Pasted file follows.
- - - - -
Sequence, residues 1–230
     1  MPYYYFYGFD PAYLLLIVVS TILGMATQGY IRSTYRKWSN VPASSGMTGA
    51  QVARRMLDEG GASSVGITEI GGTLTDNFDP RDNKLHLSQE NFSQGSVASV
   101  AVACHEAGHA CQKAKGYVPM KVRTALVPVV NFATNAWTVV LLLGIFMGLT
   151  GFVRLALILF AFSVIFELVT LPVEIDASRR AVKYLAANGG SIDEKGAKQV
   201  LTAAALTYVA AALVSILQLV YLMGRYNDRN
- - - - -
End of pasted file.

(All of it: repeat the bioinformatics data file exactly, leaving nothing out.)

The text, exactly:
Sequence, residues 1–230
     1  MPYYYFYGFD PAYLLLIVVS TILGMATQGY IRSTYRKWSN VPASSGMTGA
    51  QVARRMLDEG GASSVGITEI GGTLTDNFDP RDNKLHLSQE NFSQGSVASV
   101  AVACHEAGHA CQKAKGYVPM KVRTALVPVV NFATNAWTVV LLLGIFMGLT
   151  GFVRLALILF AFSVIFELVT LPVEIDASRR AVKYLAANGG SIDEKGAKQV
   201  LTAAALTYVA AALVSILQLV YLMGRYNDRN